How to Estimate Tiles on the Diagonal

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Fragile tiles will require an additional 5 percent for waste to account for breakages.
Fragile tiles will require an additional 5 percent for waste to account for breakages. (Image: Jupiterimages/Photos.com/Getty Images)

Turning a tile installation to a 45-degree angle can give your project a more interesting look. Diagonal tile installations draw the eye out to the sides of the installation, visually widening and enlarging the space. Because tile laid on a diagonal has half tiles, or pieces of cut tile along each edge of the installation, a lot more tile is required to complete the job. While it is tempting to try to use one piece of tile for two cuts, this can backfire, leaving you short on the job. To be safe, always order more tile to account for waste.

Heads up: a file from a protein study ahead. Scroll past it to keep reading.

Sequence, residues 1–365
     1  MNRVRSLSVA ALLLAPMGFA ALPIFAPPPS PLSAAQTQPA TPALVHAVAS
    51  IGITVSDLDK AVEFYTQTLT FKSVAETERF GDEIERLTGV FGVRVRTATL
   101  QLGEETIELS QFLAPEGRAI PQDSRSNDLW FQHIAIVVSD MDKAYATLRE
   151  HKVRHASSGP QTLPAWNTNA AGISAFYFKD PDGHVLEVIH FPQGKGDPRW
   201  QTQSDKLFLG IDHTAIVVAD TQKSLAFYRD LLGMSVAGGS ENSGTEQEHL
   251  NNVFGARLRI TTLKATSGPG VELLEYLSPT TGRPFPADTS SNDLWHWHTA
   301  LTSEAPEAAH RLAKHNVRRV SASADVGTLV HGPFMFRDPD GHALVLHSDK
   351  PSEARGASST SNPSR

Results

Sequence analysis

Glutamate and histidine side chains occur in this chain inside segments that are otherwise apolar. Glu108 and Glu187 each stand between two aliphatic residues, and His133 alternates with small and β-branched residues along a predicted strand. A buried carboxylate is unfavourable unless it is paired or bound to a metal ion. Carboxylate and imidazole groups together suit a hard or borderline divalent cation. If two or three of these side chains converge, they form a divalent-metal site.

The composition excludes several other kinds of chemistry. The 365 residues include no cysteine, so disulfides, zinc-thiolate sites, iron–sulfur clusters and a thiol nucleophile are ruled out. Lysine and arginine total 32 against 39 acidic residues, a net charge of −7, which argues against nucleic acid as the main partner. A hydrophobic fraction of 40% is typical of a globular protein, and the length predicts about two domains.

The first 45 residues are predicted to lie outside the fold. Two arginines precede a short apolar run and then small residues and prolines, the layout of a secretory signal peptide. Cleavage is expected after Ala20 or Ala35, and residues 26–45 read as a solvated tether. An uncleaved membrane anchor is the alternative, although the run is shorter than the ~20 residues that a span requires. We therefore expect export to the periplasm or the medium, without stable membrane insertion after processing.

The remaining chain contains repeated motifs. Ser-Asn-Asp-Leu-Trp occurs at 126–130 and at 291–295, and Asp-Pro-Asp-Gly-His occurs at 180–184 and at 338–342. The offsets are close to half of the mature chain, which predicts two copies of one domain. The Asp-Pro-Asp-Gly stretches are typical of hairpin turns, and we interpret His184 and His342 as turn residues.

Things You'll Need

  • Measuring tape
  • Calculator

Divide the room into square or rectangular sections. Make each bump-out, L extension or turn in the room its own area for easier measuring.

Measure the length and width of each section in inches. Multiply the length by the width to get the total of square inches you need for each section. There are 144 inches in a square foot; divide your total number of square inches by 144 to get the exact amount of square footage needed for each area with no waste.

Add up each section and round to the nearest whole number to get the exact amount of square footage for the room. Add 20 percent to this number to get the number of square feet of tile you need to tile the room with a diagonal pattern.

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